MATERIALS AND METHODS Data came from (1) fragments of the mitochondrial 16S rRNA gene homologous to bp 40384504 of the Xenopus laevis mitochondrial genome (GenBank accession number M10217; Roe et al., 1985), and (2) partial sequences of a single-copy nuclear gene (Tmo-4C4 locus; Streelman & Karl, 1997). Many of the sequences included were publically available from GenBank. This was true for all Tmo-4C4 sequences (twenty-four species; accession numbers U70327U70331, U70335U70343, U70345, U70347 U70351, U70356U70358, U70361; Streelman & Karl, 1997, 1998) and to sixty-four sequences of the 16S rRNA gene (accession numbers AF045842AF045865, AF048996 AF049019, AF112577AF112596; Farias et al., 1999). We complemented these data by sequencing homologous 16S rRNA fragments of twenty-four species from the lakes Tanganyika, Malawi, Victoria, and Barombi Mbo (accession numbers AF215453AF215476; vouchers of all but eight species deposited in the Zoologisches Forschungsinstitut und Museum A. Koenig: ZFMK 2644926460 and 2768627689); Malawi (Mbuna): Aulonocara baenschi Meyer & Riehl, 1985, Maylandia estherae (Konings, 1995). Malawi (non-Mbuna): Aristochromis christyi Trewavas, 1935, Cyrtocara moori Boulenger, 1902, Dimidiochromis strigatus (Regan, 1922), Rhamphochromis cf. woodi Regan, 1922. Tanganyika (Ectodini): Callochromis pleurospilus (Boulenger, 1906), Ectodus descampsi (Boulenger, 1898), Gnathochromis permaxillaris (David, 1936), Grammatotria lemairei Boulenger, 1899, Xenotilapia ornatipinnis Boulenger, 1901. Tanganyika (Lamprologini): Altolamprologus compressiceps (Boulenger, 1898), Lamprologus moori Boulenger, 1898, Lepidiolamprologus elongatus (Boulenger, 1898), Telmatochromis sp. Victoria: Haplochromis ishmaeli Boulenger, 1906 (Gulf of Mwaza), Haplochromis (Yssichromis) pyrrhocephalus Witte & WitteMaas, 1987, Haplochromis (Paralabidochromis) sp., Haplochromis piceatus Greenwood & Gee, 1969, Neochromis rufocaudalis Seehausen & Bouton, 1998, Platytaeniodus degeni Boulenger, 1906. Barombi Mbo: Stomatepia pindu Trewavas, 1972, Stomatepia mariae (Holly, 1930), Sarotherodon cf. steinbachi (Trewavas, 1962). In the 16S rRNA fragment, we based molecular clock calibrations on the sequences obtained by us, and intercontinental divergence calculations on the combined data set. We calibrated the Tmo-4C4 clock and calculated the corresponding intercontinental divergences based entirely on GenBank sequences; for calibrations the following species were used: Malawi (Mbuna): Labidochromis caeruleus Fryer, 1956, Pseudotropheus sp. (tropheops complex); Tanganyika (Ectodini): Enantiopus melonogenys (Boulenger, 1898), Cunningtonia longiventralis Boulenger, 1906; Tanganyika (Lamprologini): Julidochromis regani Poll, 1942, A. compressiceps (Boulenger, 1898), Neolamprologus brichardi (Poll, 1974). Sequence divergence was also calculated in the 16S rRNA gene for a number of mammal species pairs, several of which have been used in the past to calibrate molecular clocks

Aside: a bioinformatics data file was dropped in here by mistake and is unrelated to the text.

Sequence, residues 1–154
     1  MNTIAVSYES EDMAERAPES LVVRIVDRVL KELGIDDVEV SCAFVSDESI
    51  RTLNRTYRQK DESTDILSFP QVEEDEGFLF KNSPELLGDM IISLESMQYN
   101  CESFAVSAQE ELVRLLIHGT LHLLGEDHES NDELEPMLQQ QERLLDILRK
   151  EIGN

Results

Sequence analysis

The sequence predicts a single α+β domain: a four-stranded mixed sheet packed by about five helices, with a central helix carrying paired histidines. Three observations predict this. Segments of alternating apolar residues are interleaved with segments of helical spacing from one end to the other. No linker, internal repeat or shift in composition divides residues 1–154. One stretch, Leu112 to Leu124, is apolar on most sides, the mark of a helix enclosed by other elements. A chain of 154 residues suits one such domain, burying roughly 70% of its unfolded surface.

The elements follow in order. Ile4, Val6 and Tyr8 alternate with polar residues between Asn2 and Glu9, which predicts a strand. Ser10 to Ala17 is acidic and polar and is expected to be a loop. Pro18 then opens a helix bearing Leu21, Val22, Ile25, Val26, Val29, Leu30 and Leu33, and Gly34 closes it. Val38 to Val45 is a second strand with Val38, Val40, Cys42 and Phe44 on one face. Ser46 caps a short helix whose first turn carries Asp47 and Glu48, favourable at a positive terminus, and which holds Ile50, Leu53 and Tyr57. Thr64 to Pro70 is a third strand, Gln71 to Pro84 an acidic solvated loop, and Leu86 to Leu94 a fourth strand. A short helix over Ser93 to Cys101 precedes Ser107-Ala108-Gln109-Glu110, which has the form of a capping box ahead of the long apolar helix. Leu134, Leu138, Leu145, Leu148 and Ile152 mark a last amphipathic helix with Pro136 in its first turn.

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applied to cichlids (Meyer, 1993) and other shes (e.g. Bargelloni et al., 1994). Sequences came entirely from GenBank while all divergences were re-calculated by us. The species pairs and assumed ages of divergence were Cervus unicolor Kerr, 1792 Muntiacus revesii (Ogilby, 1839) (7 Myr B P ), Gazella thomsoni Gu nther, 1884 Madoqua kirki (Gu nther, 1880) (16.5 Myr B P ), Bos taurus Linnaeus, 1758 Capra hircus Linnaeus, 1758 (20 Myr B P ), Capra hircus Ovis aries Linnaeus, 1758 (5 Myr B P ), Bos taurus Ovis aries (20 Myr B P ), Bos taurus Antilocapra americana (Ord, 1815) (20 Myr B P ), Bos taurus Cervus unicolor (25 Myr B P ), Bos taurus Muntiacus revesii (25 Myr B P ), Equus caballus Linnaeus, 1758Equus asinus Linnaeus, 1758 (4 Myr B P ) (GenBank accessions M35875, M35877, M86501, M86495, J01394, M55541, AF010406, M55540, X79547, X97337; Irwin et al., 1991; Allard et al., 1992; Rassmann, 1997; Pesole et al., 1999). All eighty-eight cichlid 16S rRNA sequences were aligned using the Clustal option of the program SEQUENCE 2,3 NAVIGATOR (Applied Biosystems); alignments were adjusted manually (total 16S alignment length including 4 gaps: 500 bp). We used the program MODELTEST (Posada & Crandall, 1998) to estimate the substitution model that best ts the data. The estimated settings were then used to calculate maximum likelihood (ML) phylogenies and pairwise maximum likelihood distances in PAUP*, version 4.0b8 (Swofford, 2001). Additionally, we calculated neighbourjoining and maximum parsimony trees. We tested for rate constancy of a molecular clock using a likelihood-ratio test (Felsenstein, 1988) as implemented in TREE-PUZZLE (Strimmer & von Haeseler, 1996). Relative rate tests (Takezaki et al., 1995) were conducted using the program PHYLTEST (Kumar, 1996). Relying on combined phylogenies of mitochondrial and nuclear genes (Farias et al., 2000), sequences of the Malagasy and Indian cichlids were used as outgroups for relative rate comparisons between South American and African taxa, and sequences l, 1775 and of representatives of Abudefduf Forsska Cymatogaster Gibbons, 1854 as outgroups for comparisons between Indian and Malagasy taxa, and between Indian Malagasy and African taxa. Ages of divergence were estimated (1) using percentages of transversion divergence between taxa, assuming their linear accumulation, and (2) via pairwise maximum likelihood distances. These distances were included in a regression analysis to calculate 95% prediction condence intervals. RESULTS Estimation of substitution model The hierarchical likelihood ratio tests implemented in MODELTEST selected a TamuraNei substitution model with a proportion of invariable sites of 0.4093, a c shape distribution parameter of 0.6115, empirical base frequencies (freqA 0.3897; freqC 0.2737; freqG 0.1091; freqT 0.2276) and substitution rates (AG 6.5303; CT 7.7596; all other rates 1) as best tting the complete